While breastfeeding can be painful, tiring, and for some new moms, logistically or physically impossible, most experts agree that breastfeeding is the healthiest way to feed newborns up to six months of age. That's because it helps protect them from infections and allergies, provides the precise ratio of nutrients their growing bodies need, and it may even reduce the risk of sudden infant death syndrome, according to The American College of Obstetricians and Gynecologists (ACOG).
Babies aren't the only ones who benefit from breastfeeding, which appears to deliver some pretty stellar side effects to women who do it, according to research on disease outcomes among breastfeeders, which was recently published in the journal Maternal & Child Nutrition.
Lactation helps the breast tissue fully mature but when it never gets the chance to do so, there's a greater increase in risk for abnormal, cancerous growths within those tissues, according to the authors of the Maternal & Child Nutrition study. It's why every year you breastfeed reduces the risk of breast cancer by 4.3 percent, with a 7 percent lower risk for every child you have.
2. It wards off ovarian cancer.
Breastfeeding suppresses ovulation, which reduces the risk of ovarian cancer, according to Melissa Bartick, M.D., assistant professor of medicine at Cambridge Health Alliance in Cambridge, Massachusetts, and lead author of the Maternal & Child Nutrition study. But researchers have also found that breastfeeders end up with higher levels of special antibodies to a protein found in ovarian cancer cells. This means breastfeeding appears to build up your resistance to the disease, sort of like an immunization.
Obviously, breast milk doesn't come out of nowhere; behind the scenes, your body actually puts a whole lot of effort into filling up your breasts with nutrient-rich milk, burning upward of 500 calories a day in the process, according to ACOG. It also improves your glucose metabolism and insulin sensitivity, which is to say it helps your body turn food into fuel. This can spark the loss of baby weight.
Research shows that breastfeeding increases insulin sensitivity and improves glucose metabolism in the mother, benefits that ultimately reduce the risk of developing Type 2 diabetes, particularly among women who develop gestational diabetes during pregnancy, according to a 2015 study conducted by the Kaiser Permanente Division of Research.
5. It reduces your risk of high blood pressure.
The same hormones your body uses to make milk (that'd be oxytocin and prolactin, for the record) have a secret superpower: They also lower your blood pressure, according to 2012 research conducted by researchers at Hirosaki University Graduate School of Health Sciences.
6. It slashes your risk of having a heart attack.
"Breastfeeding affects women's hormones and body fat in ways that keep the heart healthy, likely by 'resetting' her body after pregnancy to restore her metabolic and cardiac health," Dr. Bartick says. There's no pill you can pop to do that.
7. It shrinks your baby belly.
Breastfeeding releases a hormone called oxytocin that causes the uterus, which gets stretched out during pregnancy, to return to its normal size more quickly. This perk can also put the kibosh on bleeding after birth, according to ACOG.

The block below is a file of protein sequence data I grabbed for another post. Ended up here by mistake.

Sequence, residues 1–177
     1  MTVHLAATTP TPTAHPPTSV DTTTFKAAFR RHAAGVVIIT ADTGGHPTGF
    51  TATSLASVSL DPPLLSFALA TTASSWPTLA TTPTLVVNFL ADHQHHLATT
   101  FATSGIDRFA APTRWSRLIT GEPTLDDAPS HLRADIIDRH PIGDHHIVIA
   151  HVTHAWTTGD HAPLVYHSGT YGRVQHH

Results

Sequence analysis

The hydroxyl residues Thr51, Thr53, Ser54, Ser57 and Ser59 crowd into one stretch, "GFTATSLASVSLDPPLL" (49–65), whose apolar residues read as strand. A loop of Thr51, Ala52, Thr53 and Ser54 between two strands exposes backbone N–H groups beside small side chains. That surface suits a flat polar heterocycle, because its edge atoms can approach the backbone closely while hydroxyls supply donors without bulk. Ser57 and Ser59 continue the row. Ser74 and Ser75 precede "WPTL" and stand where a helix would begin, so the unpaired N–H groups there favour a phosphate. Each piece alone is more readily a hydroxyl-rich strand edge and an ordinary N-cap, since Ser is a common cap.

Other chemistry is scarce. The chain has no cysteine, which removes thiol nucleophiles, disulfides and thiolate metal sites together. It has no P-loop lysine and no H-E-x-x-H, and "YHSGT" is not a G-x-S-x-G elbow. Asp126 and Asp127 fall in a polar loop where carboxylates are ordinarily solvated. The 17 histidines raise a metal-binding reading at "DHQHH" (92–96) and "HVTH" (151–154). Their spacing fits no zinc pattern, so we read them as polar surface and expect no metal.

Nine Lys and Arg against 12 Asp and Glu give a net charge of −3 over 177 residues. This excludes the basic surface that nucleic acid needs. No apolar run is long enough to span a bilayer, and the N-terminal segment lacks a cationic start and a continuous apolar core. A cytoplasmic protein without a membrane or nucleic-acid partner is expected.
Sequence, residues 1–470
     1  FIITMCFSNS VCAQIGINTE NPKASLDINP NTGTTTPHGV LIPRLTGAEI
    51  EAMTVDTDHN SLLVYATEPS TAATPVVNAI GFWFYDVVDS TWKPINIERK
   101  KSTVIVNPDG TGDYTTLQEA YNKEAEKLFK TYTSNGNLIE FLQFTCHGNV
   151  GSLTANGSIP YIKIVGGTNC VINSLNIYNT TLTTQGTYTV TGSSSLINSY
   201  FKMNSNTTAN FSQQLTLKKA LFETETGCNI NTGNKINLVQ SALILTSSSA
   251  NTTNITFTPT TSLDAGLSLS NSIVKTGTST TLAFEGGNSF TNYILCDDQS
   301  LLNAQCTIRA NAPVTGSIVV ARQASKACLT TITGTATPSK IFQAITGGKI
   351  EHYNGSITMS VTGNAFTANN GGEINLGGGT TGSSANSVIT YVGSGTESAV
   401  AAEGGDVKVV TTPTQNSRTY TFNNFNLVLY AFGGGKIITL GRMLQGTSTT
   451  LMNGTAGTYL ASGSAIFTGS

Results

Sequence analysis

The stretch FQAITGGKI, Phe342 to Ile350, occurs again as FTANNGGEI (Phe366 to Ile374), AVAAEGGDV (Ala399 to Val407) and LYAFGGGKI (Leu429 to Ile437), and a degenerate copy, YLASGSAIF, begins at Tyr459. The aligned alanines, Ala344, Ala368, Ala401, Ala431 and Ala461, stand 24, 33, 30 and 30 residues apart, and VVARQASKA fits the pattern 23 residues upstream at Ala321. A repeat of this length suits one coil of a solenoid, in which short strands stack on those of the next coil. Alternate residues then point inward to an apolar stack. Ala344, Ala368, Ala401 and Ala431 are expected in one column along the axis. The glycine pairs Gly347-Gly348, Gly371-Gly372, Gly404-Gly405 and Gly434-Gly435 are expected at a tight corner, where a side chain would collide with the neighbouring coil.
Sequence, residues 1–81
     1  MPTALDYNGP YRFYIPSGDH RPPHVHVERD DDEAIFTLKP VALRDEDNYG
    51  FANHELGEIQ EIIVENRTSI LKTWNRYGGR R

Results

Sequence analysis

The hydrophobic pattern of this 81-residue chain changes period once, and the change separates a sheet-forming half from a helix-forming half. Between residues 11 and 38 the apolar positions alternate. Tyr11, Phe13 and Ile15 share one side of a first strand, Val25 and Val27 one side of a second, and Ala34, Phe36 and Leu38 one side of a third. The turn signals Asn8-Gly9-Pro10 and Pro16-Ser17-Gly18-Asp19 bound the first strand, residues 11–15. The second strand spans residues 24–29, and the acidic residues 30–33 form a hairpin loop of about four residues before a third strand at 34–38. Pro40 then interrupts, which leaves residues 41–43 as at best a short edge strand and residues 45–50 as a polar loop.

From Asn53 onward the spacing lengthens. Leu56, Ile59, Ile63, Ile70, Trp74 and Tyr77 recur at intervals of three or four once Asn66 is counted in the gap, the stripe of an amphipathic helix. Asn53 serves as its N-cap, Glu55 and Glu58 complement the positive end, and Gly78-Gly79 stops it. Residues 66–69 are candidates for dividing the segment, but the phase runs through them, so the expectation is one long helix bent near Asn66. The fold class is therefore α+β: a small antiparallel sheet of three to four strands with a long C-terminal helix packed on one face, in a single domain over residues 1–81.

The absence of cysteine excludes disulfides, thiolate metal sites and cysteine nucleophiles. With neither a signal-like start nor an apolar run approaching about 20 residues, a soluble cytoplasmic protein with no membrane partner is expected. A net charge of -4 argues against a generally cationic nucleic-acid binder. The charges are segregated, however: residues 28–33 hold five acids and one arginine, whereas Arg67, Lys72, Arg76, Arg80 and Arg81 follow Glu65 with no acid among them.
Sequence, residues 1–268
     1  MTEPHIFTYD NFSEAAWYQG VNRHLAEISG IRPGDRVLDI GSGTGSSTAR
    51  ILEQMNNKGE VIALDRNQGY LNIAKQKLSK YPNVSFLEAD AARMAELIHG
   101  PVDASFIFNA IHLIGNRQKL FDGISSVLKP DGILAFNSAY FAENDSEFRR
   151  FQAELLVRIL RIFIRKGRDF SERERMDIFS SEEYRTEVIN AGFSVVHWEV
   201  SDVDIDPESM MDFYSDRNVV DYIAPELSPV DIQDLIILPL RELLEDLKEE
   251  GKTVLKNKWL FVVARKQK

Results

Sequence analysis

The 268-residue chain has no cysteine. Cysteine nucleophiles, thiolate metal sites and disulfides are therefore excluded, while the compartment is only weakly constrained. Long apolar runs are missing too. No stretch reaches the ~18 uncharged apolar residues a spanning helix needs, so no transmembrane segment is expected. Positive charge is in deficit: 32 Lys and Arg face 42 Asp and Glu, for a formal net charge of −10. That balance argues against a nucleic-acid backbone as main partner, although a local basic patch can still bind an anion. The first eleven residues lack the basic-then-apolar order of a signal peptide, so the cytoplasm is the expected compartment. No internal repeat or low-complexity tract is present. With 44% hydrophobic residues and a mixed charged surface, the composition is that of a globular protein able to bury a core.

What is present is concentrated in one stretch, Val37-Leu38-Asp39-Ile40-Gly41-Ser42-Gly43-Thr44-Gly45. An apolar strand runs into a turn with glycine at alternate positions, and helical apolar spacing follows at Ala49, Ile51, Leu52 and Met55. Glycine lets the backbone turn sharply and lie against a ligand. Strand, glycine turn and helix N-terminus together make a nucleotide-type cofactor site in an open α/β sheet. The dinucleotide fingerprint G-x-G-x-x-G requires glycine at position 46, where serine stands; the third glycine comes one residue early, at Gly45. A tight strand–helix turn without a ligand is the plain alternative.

8. It saves you all the money.
Breast milk is free, but food isn't, and the cost of formula can amount to more than $1,700 (P59,292) during a baby's first 12 months of life, according to some estimates. Some moms report spending as much as $100 (P4,941) per week on special formulas. It all depends on how much the baby eats and which formula brand agrees with them. Babie$, man.
9. It can reduce post-C-section pain.
Researchers presenting at the 2017 Euroanaesthesia Congress in Geneva found that moms who deliver via C-section, then breastfeed for at least two months thereafter, are three times less likely to experience persistent pain at the surgical site than women who breastfeed for shorter periods of time. That's a good thing, considering about one in five C-section patients experience chronic pain lasting for more than three months—the last thing you need after surgery, which can be a blessing or a curse, depending on who you ask.
10. It may protect you from postpartum depression.
Women who breastfeed are less likely to be depressed than mothers who can't. However, "it's not clear which comes first, breastfeeding difficulties or depressed mood," says Alison Stuebe, MD, assistant professor of maternal fetal medicine at University of North Carolina at Chapel Hill School of Medicine. What experts do know is that breastfeeding releases oxytocin to help move milk out of the breast, reduce stress levels, and promote bonding—all good things for both moms and babies. Meanwhile, low oxytocin levels are linked to depression and can be a symptom of breastfeeding difficulties.
11. It may help you sidestep other chronic diseases down the road.
While women have been breastfeeding since the beginning of time, scientists haven't been studying its benefits for quite as long. Links to lower risk of autoimmune diseases like rheumatoid arthritis and multiple sclerosis are possible, according to Eleanor Bimla Schwarz, M.D., internist at the department of medicine at UC Davis Medical Center, and co-author of the Maternal & Child Nutrition study. But that'd just be an added bonus.
This article originally appeared on Cosmopolitan.com. Minor edits have been made by the Cosmo.ph editors.